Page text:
I am sure someone will read this blog and think how immature I am on the subject.  It’s probably surprising to so many that I am a queen of creating and manifesting things in life and that I am so deeply shaken by this loss.  And, I am.  I am shocked, shaken, heart broken and forever changed.

We become prisoners of guilt, perhaps, way too fast to really be able to be face to face with a raw feeling underneath.  So long as we feel guilty, we truly don’t take any responsibility for that we are killing ourselves along with the person we just lost.

It took me days to figure out that I wasn’t willing to forgive myself for that I didn’t speak with grandma the day before she passed.  I learned a lesson long ago about how to forgive myself.  It worked then so I asked my husband to go find my note to him when I shared it.  And there it was, simply put: “my actions were completely correlate with the way the world occured to me….(I simply didn’t know that that was the last time I would ever get to speak with grandma, else I would get off my call and spend time with her)…why punish myself for that?”

And I did forgive myself for not knowing.  There truly isn’t anything new I would say to grandma at that time. I kept her really well updated throughout the years and often time it was all “too much information.”  Years ago when she was in New York, I made sure I shared how much I appreciated her and why and she was able to share her love with me.  So, there isn’t anything else I would say, or anything other than “I LOVE YOU” that I could repeat an infinite amount of times. And now that the guilt is gone, I truly am dealing only with a loss.

This isn’t anyone’s fault. This isn’t good or bad.  It just is.  I am facing the reality of life for what it is. I remind myself over and over again to be grateful for what I had.  I remember grandma.  I think of her all the time.  She is even more present now that I know that she is gone because I can see all of her in me.

There isn’t a better advice in life than the one we learn because someone did it not told it.  Grandma had grace that I only hope to achieve in my life time.  She was nice to people.  She got along well.  I cannot say that I am the same, but in honor of her, I want to be.

I am so lucky to have a wonderful husband who is my shining star in good and in bad.  I know grandma wanted me to have this kind of love in my life. She knows I believed it was possible and she, for sure, was helping me make it happen by believing in me every step of the way.  She never took off her wedding band, even 30 years after grandpa was gone. She loved, so much, so forgivingly.  Ah… There is nobody like her, and nothing can replace her.  I am blessed to have shared my lifetime with her.”

I love you grandma!!!!

 

Breaking the Silence

My father passed away last month.  I couldn’t get myself to write about anything else and the wound was fresh, the emotions bubbling up.  I always stand for authentic communication and was wondering how do I do that when it involves other people.  How do I write the truth about myself without mentioning people in my life who are part of my story?  I wonder this a lot because I am committed to living in the truth.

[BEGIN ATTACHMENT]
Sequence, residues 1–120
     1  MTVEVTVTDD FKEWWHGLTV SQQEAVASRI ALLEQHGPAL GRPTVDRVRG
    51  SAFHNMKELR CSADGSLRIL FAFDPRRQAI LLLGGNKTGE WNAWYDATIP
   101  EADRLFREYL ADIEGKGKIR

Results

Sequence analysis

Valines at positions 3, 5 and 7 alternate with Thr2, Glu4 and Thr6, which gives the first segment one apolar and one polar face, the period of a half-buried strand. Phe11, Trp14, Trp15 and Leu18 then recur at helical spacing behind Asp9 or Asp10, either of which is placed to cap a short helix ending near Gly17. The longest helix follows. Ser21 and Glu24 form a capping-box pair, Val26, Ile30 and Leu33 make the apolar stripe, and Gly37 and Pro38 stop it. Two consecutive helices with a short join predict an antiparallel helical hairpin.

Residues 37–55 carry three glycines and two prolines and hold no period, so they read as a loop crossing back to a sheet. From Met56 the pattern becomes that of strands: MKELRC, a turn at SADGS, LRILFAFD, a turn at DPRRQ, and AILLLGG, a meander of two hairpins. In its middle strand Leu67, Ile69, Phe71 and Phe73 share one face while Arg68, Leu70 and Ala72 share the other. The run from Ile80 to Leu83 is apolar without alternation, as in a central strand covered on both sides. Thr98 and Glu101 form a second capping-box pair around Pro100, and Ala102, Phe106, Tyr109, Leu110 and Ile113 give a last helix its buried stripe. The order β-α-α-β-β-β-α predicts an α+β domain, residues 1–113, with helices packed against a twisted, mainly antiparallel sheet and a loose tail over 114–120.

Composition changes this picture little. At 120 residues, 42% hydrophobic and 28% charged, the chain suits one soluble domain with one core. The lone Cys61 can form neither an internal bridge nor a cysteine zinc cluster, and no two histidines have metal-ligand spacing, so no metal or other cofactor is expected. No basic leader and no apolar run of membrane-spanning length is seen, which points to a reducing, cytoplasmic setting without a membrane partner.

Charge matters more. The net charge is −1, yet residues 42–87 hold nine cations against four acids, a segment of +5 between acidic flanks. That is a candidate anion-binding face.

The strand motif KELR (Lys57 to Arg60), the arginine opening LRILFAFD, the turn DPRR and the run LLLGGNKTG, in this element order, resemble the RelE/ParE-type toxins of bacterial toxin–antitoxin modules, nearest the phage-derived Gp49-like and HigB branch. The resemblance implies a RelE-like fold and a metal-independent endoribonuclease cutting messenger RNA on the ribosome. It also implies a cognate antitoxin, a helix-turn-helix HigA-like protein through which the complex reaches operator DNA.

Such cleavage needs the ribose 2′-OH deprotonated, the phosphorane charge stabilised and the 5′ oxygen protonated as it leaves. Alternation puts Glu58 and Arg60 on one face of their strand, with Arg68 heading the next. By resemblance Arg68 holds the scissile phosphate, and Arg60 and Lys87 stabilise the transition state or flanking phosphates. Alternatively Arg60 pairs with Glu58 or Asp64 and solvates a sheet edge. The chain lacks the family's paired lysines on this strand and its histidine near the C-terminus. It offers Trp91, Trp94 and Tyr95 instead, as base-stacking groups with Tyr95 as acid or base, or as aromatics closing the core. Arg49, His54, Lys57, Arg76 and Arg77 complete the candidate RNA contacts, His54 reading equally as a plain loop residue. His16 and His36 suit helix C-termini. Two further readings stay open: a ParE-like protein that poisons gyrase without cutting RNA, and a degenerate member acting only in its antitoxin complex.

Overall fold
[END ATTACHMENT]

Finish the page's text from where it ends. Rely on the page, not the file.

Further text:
In my younger years, I learned that “rising above” was a better way to be about things in life.  I learned a few years back that being kind and keeping my mouth shut, protecting people from their own poor behavior was only shooting myself in a foot.  More often than not, people believe the story they are told.  They are not invested in finding out what everyone else’s perspective is on the subject and I find that unfair.  I no longer think that being silent or stepping out of the equation is good in and of itself.  On contrary, I believe I am responsible to tell my side of the story.

Years ago, and I think through this blog, I shared a story about my dad.  I sent him a link, thinking, it was appropriate that he knows about it.  I was proud of the way I’ve written it, I thought there was no shame and blame just simply my perspective on life as I lived it.  I remember him telling me that his younger son, my step brother, already told him about it and that when he asked if I was harsh with words, his son answered: “so-so.”  I was a bit wounded.  People walk around blaming other people for their lives, here I was, reframing my dad’s absence into a story of my becoming the person I was and it was still not good enough.  I was wondering, can anyone ever saying something personal without it meaning something bad about someone else.

We are all connected.  While this sounds like a total cliche, it actually isn’t.  We really are in this together.  People in our lives are merely mirrors for what we need to discover about ourselves and move through, evolve.  Perhaps all those fingers pointing at me for sharing my stories are making me stronger because in absence of approval, it is that much harder to stand for something we believe in.  And I, I simply believe in truth, in writing, in art, in being with one another.  We all make mistakes, we all mess up, but owning it allows us to transcend it, to stay present, to learn from it.  And there, I broke my silence and my concerns about writing.  I have a voice to use it. And so do you… woman